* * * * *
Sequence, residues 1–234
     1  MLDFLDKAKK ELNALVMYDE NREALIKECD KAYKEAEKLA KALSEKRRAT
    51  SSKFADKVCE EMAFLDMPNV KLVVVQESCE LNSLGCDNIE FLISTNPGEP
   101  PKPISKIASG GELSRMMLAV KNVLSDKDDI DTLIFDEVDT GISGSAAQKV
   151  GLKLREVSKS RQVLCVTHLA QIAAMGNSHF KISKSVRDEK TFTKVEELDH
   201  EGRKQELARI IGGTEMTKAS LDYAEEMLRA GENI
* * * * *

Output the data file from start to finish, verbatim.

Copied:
Sequence, residues 1–234
     1  MLDFLDKAKK ELNALVMYDE NREALIKECD KAYKEAEKLA KALSEKRRAT
    51  SSKFADKVCE EMAFLDMPNV KLVVVQESCE LNSLGCDNIE FLISTNPGEP
   101  PKPISKIASG GELSRMMLAV KNVLSDKDDI DTLIFDEVDT GISGSAAQKV
   151  GLKLREVSKS RQVLCVTHLA QIAAMGNSHF KISKSVRDEK TFTKVEELDH
   201  EGRKQELARI IGGTEMTKAS LDYAEEMLRA GENI